Off the Beaten Path in One of America’s Most Beloved National Parks

Cathedral Beach in Yosemite National Park
Cathedral Beach in Yosemite National Park (Flickr: Todd Petrie)

Yosemite Valley is a spectacular place to visit at least once in your life. It’s surrounded by California’s most majestic sights – the imposing granite monolith that is the El Capitan, the coveted summit of the Half Dome, the iconic vista at Tunnel View, and of course, Yosemite Falls, one of the tallest in North America.

All these will astound just about anyone and yet, they don’t even begin to cover half of one of America’s greatest and oldest national parks.

Baptized a national park in 1890 almost two decades after Yellowstone, Yosemite National Park is a stunning collection of impressive pieces of natural art, from its granite peaks and thundering waterfalls to its beautiful meadows and icy cool streams. It’s a 747,956-acre of glorious land, and most of it ventures beyond what people see from the valley floor.

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Inspiration Point. Skip the often-crowded Tunnel View, take a steep but short 1.3-mile hike through the woods onto Inspiration Point and you’ll be rewarded with incomparable views of the Valley from 5,390 feet. Without the (shutter) trigger happy tourists competing for the best photo spot, you’ll be able to just breathe it all in.

Tenaya Lake (Flickr: Frank Kovalchek)
Tenaya Lake (Flickr: Frank Kovalchek)

Tenaya Lake. While easily accessible and fairly popular, being on State Route 120 (Tioga Road) north of the 140 where Yosemite Valley is located, alpine lake Tenaya doesn’t get as much foot traffic as Sentinel Beach and Merced Valley. It’s cool, clear water surrounded by granite slopes and tree-lined shores is a terrific place for a cool swim during those hot summer days in the park, as well as for canoeing or just a nice quiet picnic.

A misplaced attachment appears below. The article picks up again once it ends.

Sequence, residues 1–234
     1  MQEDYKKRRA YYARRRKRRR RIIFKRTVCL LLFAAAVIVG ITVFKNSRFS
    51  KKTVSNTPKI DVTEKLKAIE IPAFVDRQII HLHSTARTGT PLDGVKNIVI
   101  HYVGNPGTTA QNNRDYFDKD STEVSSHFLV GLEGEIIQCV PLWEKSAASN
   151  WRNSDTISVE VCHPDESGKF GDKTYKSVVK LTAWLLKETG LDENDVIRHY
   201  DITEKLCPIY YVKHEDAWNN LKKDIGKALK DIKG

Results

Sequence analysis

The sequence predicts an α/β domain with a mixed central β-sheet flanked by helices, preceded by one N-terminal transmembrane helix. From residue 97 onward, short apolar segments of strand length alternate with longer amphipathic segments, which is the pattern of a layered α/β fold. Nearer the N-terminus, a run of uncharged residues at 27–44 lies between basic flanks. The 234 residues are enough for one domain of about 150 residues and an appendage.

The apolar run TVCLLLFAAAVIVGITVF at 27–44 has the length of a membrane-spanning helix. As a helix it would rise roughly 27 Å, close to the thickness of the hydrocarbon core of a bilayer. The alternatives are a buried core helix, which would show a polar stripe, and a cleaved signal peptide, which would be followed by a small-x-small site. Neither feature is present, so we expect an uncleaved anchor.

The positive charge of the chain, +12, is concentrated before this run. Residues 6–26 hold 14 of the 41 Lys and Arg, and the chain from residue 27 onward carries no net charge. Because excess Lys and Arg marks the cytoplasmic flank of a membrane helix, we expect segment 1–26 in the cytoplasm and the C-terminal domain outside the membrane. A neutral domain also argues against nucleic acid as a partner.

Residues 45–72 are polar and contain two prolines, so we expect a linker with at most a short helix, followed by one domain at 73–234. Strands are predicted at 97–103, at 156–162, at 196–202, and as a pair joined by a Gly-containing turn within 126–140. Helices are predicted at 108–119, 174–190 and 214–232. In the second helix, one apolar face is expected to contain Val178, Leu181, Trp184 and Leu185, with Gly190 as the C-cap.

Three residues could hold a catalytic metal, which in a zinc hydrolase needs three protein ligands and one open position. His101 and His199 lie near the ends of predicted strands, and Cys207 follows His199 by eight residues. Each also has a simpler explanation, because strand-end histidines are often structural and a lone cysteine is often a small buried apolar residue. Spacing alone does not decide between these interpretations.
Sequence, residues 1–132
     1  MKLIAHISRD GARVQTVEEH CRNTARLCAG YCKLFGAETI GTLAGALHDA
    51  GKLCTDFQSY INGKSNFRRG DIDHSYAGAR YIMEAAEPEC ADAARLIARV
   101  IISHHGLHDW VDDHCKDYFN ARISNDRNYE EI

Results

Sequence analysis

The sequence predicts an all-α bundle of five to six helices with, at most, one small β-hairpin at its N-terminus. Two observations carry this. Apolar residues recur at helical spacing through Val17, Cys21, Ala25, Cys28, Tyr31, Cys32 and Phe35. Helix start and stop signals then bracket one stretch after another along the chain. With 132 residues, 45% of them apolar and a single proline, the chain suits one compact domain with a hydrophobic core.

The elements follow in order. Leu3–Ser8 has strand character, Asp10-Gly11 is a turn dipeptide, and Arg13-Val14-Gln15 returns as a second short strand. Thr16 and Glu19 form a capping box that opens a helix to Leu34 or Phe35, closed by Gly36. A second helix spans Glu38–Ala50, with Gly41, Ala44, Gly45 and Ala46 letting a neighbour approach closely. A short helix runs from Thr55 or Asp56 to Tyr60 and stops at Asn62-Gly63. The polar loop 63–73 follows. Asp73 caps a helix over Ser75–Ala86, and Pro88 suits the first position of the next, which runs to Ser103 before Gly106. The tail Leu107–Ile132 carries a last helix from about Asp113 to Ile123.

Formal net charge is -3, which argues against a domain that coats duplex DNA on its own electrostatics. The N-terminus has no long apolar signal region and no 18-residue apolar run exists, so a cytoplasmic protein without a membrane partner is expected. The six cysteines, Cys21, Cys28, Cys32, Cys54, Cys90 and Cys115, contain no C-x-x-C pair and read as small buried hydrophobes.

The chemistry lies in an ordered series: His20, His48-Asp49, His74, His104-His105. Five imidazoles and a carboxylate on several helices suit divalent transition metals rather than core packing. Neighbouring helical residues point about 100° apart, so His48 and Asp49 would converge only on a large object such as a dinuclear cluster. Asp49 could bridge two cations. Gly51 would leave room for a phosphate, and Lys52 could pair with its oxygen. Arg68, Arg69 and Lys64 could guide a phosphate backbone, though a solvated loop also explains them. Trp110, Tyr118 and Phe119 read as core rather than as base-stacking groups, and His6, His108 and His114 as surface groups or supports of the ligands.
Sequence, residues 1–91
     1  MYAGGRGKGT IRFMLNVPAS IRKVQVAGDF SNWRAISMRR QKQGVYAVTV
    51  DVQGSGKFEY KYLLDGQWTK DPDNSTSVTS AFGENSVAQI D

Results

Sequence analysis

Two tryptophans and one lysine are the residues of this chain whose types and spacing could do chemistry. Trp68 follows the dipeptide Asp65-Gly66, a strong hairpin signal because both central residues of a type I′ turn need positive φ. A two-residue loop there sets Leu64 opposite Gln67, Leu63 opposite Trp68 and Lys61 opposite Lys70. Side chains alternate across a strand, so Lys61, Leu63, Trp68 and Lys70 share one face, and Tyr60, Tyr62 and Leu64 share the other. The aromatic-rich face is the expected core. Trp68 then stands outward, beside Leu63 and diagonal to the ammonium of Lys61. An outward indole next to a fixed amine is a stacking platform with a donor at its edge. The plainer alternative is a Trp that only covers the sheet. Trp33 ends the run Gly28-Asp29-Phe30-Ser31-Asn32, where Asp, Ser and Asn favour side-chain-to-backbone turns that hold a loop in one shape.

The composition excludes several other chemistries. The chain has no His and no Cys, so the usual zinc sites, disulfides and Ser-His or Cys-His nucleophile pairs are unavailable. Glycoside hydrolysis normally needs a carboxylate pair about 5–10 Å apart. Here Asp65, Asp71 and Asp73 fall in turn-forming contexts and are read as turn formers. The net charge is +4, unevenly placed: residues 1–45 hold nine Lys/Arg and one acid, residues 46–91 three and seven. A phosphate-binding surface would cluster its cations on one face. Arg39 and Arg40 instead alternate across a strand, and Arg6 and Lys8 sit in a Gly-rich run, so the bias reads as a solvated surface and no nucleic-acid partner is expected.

Tuolumne Meadows (Flickr: Jesse! S?)
Tuolumne Meadows (Flickr: Jesse! S?)

Tuolumne Meadows. Those who venture out of Yosemite Valley onto Tioga Road in the north are rewarded with the golden sub-alpine fields of Tuolumne. This sweeping part of the park offers a plethora of attractions – from wildlife sightings, cool creeks and granite domes. Like nearby Tenaya Lake, Tuolumne Meadows are easily accessible but less crowded than the meadows in the valley.

Upper Cathedral Lakes (Flickr: Brandon Levinger)
Upper Cathedral Lakes (Flickr: Brandon Levinger)

Cathedral Lakes. The extraordinary pair (Upper Cathedral Lake, Lower Cathedral Lake) take a little bit of effort to see, one that involves a 7-mile round trip hike with a 1,000-foot elevation gain from Tuolumne Meadows, but definitely more than worth your while. Go on a day hike or make it a stop during your wilderness trip on the historic John Muir Trail – whatever you do, make sure to take a dip in the refreshing water.

Waterfalls at Hetch Hetchy (Flickr: Anita Ritenour)
Waterfalls at Hetch Hetchy (Flickr: Anita Ritenour)

Hetch Hetchy. Nestled in the Yosemite wilderness even farther from the valley is Hetch Hetchy Valley. It’s like a mini Yosemite, smaller but just as grand. In fact, John Muir called it “a wonderfully exact counterpart of the great Yosemite.” It is home to two gorgeous waterfalls that are among the tallest in North America, challenging hikes for the more adventurous – including a spectacular 29-mile one, more high Sierra lakes, and the beautiful Hetch Hetchy Reservior.

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